Poor producers to tackle global climate change from their communities with new ‘Fairtrade Climate Standard’

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Fairtrade - New Climate Standard - Building bricks for clean cookstoves
Building bricks for clean cookstoves. 20,000 coffee producing families in Ethiopia received clean cookstoves in an energy efficiency pilot project. Photo by Roger Van Zaal. Fairtrade International

Businesses and individuals can now make a direct impact on reducing carbon emissions from their communities through the new Fairtrade Climate Standard. The standard will allow producers to use innovative ways to improve their resilience to climate change and reduce their carbon footprint.

The Fairtrade Climate Standard indicates that the final step in the development of the Fairtrade Carbon Credits is set to launch at the United Nations Climate Change Conference (COP21) in Paris later in 2015. The standard is part of the Gold Standard certification of cutting carbon emissions and providing benefits from sustainable development.

Those eligible for the carbon credits include Fairtrade producers and vulnerable rural communities running projects focused on energy efficiency, renewable energy and forestry. The new standard was developed in a collaboration between Fairtrade Australia and New Zealand and the Gold Standard Foundation, an international organisation working on climate and development projects.

Fairtrade Australia and New Zealand said that the minimum price will “ensure the costs of running the carbon reduction project are covered.” A Fairtrade Premium, the money for projects to fight climate change in rural communities, will be given to producers for each credit they will sell.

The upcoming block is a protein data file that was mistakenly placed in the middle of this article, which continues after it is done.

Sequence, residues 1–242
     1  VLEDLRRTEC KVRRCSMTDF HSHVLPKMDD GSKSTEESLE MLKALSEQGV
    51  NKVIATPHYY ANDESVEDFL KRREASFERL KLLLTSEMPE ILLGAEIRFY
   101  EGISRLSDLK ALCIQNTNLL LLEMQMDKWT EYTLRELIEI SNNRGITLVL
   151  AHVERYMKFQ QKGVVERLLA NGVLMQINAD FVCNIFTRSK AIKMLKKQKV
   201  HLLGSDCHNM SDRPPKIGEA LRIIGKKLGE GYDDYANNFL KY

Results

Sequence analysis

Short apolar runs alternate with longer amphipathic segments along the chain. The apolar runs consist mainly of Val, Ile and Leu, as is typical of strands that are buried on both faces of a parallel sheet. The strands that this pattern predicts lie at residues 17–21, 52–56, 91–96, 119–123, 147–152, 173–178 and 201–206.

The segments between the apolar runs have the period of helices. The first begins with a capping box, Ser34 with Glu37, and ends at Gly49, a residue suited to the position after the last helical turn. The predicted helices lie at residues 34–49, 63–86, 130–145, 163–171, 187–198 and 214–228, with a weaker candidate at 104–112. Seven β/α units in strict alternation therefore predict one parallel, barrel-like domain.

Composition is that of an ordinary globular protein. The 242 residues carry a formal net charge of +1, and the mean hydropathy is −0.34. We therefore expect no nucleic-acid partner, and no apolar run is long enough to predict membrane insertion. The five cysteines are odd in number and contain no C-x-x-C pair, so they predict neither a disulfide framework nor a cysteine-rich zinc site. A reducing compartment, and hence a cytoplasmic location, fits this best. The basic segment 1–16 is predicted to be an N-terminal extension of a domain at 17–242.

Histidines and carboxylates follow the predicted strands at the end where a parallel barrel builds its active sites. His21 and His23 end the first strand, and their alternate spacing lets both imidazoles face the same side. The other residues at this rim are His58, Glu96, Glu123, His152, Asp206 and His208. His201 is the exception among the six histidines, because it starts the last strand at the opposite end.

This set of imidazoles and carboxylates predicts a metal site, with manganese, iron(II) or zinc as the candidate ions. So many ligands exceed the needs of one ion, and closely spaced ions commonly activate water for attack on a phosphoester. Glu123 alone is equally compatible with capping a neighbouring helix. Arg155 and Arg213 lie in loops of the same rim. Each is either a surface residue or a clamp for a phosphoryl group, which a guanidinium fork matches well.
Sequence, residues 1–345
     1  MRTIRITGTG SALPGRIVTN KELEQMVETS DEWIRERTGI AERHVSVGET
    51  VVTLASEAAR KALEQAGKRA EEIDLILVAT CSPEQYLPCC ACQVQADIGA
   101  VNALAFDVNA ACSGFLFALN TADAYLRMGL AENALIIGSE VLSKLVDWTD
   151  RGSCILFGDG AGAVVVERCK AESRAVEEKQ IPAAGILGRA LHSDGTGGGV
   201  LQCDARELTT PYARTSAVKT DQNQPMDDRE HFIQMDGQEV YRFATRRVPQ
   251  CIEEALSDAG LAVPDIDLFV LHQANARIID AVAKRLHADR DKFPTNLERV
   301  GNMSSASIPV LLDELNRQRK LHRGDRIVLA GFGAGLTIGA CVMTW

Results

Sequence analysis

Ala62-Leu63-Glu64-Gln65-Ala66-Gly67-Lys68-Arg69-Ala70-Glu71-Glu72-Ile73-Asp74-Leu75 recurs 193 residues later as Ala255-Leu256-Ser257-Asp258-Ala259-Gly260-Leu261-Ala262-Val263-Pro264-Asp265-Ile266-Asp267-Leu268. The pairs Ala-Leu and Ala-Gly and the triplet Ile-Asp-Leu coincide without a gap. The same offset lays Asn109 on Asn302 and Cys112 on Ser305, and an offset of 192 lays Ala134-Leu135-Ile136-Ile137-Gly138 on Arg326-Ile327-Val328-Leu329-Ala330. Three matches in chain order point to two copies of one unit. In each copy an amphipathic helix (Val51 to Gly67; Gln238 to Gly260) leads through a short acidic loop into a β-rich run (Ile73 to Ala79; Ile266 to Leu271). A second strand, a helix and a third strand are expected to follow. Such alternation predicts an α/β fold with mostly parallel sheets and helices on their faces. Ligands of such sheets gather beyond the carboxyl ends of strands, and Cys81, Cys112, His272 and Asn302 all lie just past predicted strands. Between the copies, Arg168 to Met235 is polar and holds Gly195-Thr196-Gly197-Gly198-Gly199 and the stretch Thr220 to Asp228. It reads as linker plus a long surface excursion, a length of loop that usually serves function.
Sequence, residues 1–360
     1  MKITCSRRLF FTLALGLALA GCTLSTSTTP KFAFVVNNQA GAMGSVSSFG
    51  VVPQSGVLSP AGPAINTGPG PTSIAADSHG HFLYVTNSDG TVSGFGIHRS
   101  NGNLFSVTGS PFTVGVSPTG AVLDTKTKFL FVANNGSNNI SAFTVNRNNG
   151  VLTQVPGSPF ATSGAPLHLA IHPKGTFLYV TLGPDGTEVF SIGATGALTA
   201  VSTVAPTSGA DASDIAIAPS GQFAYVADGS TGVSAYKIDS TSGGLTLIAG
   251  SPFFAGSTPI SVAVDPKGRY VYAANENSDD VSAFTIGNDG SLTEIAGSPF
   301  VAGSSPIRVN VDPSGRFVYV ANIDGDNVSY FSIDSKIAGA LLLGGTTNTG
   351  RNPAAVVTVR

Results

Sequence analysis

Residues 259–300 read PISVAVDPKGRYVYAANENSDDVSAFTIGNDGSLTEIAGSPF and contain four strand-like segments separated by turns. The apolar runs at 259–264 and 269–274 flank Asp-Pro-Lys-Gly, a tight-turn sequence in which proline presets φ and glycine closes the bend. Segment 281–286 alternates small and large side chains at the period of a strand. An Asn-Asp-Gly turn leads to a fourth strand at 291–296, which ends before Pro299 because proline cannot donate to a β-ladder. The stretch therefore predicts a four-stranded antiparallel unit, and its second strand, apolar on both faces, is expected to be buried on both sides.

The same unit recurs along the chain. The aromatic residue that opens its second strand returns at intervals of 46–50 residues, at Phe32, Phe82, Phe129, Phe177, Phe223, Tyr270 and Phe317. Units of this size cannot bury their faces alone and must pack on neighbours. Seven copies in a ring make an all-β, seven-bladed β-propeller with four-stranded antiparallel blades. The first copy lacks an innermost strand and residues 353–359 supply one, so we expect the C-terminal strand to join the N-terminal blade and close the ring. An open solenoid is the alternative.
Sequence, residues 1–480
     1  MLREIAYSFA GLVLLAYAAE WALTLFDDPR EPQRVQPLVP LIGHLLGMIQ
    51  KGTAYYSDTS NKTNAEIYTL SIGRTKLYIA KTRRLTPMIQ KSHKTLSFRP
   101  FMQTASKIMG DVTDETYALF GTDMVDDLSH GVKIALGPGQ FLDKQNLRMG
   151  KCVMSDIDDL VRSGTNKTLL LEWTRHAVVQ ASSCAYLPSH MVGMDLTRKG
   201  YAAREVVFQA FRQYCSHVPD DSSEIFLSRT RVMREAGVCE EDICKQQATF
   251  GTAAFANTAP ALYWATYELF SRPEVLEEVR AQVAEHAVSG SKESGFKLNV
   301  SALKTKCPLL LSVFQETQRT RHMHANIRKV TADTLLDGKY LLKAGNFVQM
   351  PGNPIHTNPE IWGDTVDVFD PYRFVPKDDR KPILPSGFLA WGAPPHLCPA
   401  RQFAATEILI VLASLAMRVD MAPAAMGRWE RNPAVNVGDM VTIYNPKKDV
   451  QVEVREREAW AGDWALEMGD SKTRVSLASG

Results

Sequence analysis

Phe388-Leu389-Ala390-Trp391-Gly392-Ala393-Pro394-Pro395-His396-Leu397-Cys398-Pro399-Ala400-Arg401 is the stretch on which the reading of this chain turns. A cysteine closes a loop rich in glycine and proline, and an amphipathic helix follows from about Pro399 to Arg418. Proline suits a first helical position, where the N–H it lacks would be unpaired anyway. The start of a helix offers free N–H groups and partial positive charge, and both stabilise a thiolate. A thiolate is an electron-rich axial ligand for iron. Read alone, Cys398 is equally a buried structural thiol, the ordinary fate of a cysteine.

The credits are available on the voluntary market by companies, organisations and individuals, who aim at compensating their carbon emissions. Farmers can invest the premium for projects to improve their resilience to the impacts of climate change, including planting climate-resilient crops, shade trees or investing into food security.

“Fairtrade Carbon Credits are an important innovation to help poor producers who suffer some of the worst impacts of climate change,” said Molly Harriss Olson, CEO of Fairtrade Australia and New Zealand. “Buying Fairtrade Carbon Credits means we can both reduce climate carbon while empowering producers in developing countries to take control of their futures and adapt and mitigate the climate change impacts they are already feeling.”

“Every Fairtrade Carbon Credit means one less tonne of carbon dioxide released into the atmosphere,” said Victor Biwot, operations manager at the Sireet Fairtrade tea cooperative in Kenya.

In Gimbi, Ethiopia, a Fairtrade project is working to be certified on the new standard by shifting to energy-efficient cookstoves used by women coffee growers. Fairtrade is currently on the process to select the first certified road-testing projects, and the first Carbon Credits are set to be available in early 2016.

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